# Electron is it a particle or wave ?

1. Apr 1, 2013

### Ahmed_Pysics

Hi everyone !!

I have this a question about electron, is it a particle or is it a wave, or maybe both sometimes particles and sometimes wave or both in the same time ??

2. Apr 1, 2013

### ash64449

It is a particle with wave nature

3. Apr 1, 2013

### ash64449

Or we can say that it is just an excitation of electron field.

4. Apr 1, 2013

### M. next

Well, first electron was thought to be only a particle. Further experiments, showed that it does have a wave nature. Read about deBroglie's wavelength for detailed information.

5. Apr 1, 2013

### ash64449

This is the question that troubled me a lot.. If electron is a wave, then what is "waving"?

6. Apr 1, 2013

### Ahmed_Pysics

So electron is a particle with wave nature
mmm interesting !!
Thanks guys !!

7. Apr 1, 2013

### tensor33

The usual interpretation is that it is a "wave of probabilities" The amplitude of the wave is related to the probability of finding the electron there. So really nothing is waving, it's just a way of describing the particle.

8. Apr 1, 2013

### ash64449

So it not waving... So in order to describe its properties,it is given wave probabilities right?

9. Apr 1, 2013

### tensor33

Right

10. Apr 2, 2013

### Staff: Mentor

Its neither - its quantum stuff. Sometimes it behaves like a particle and sometimes like a wave but in reality its neither. I know Feynman says its a particle because you only ever get single clicks in a photon detector for instance - it's never detected as anything other than something 'discreet'. But understand its not a particle in the classical sense - it is something different - a quantum particle.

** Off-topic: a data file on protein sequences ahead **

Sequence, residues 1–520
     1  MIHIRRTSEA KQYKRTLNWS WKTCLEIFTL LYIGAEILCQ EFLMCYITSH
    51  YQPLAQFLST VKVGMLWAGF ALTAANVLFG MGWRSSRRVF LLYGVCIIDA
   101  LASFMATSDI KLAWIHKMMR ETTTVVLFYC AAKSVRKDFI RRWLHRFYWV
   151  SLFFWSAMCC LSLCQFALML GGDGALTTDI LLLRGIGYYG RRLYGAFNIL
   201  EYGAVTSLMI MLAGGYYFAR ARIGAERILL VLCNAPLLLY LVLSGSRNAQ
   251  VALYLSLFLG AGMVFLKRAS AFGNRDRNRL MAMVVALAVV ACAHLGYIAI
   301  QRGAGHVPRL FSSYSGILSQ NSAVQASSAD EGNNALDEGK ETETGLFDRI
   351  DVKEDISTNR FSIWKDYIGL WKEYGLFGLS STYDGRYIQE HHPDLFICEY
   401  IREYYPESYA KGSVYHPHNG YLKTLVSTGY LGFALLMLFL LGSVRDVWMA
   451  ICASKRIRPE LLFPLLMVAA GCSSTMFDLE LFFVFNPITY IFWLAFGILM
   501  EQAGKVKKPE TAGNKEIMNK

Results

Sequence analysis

Thanks
Bill

11. Apr 2, 2013

### Ahmed_Pysics

So the behavior of an electron still a mystery !!

12. Apr 2, 2013

### DiracPool

Its a Wavicle! No, wait...its a "Par-tave." Say that with a snobby accent like Thurston Howell. "Look, Marge, there goes one of those 'par-taves' again, ringing my detector. They are soooooo annoying."

13. Apr 2, 2013

### Ahmed_Pysics

Wow Mister Dirac is here, what an honor.
Thanks for passing ;)

14. Apr 2, 2013

### Staff: Mentor

No - we know how it behaves - its quantum stuff - its just not particle or wave - or visualisable in terms of everyday pictures - but that doesn't mean we don't 'understand' it.

Thanks
Bill

15. Apr 2, 2013

### Ahmed_Pysics

ok !!
so quantum stuff
Thanks bhobba

16. Apr 3, 2013

### Naty1

"..is it a particle or is it a wave.."

yes!!!!!!!!!

but there is a LOT more to just what a particle may be:

beyond quantum theory:

String theory suggests that it may be the configuration of higher dimensional spaces that influences string [particle] properties....their vibration patterns and energies for example ....so when spacetime jiggles around or morphs from one region to another it seems plausible that our perception of particles might also change...because they change.

This provides an insight into how the expansion of distance in our universe creates particles.

Carlo Rovelli says it this way:
Other cases where geometric circumstances create real (not virtual) particles are Hawking radiation at Black hole horizons and Unruh radiation caused by acceleration of observer. So it seems that expansion of geometry itself can produce matter.

Within quantum theory:

Rovelli:
"There is not a definite line differentiating virtual particles from real particles — the equations of physics just describe particles (which includes both equally). The amplitude that a virtual particle exists interferes with the amplitude for its non-existence; whereas for a real particle the cases of existence and non-existence cease to be coherent with each other and do not interfere any more. In the quantum field theory view, "real particles" are viewed as being detectable excitations of underlying quantum fields.."

17. Apr 3, 2013

### Ahmed_Pysics

What a lovely replay Naty1
I really like it
Thanks

18. Apr 3, 2013

### BacalhauGT

there are "particlaves". everything propagates like a wave and interact changing its energy and momentum

19. Apr 4, 2013

### Ahmed_Pysics

20. Apr 4, 2013

### phynoldus

Wave or particle?

Hi,
I was just wondering is an electron a wave or particle or even a particle with wave nature?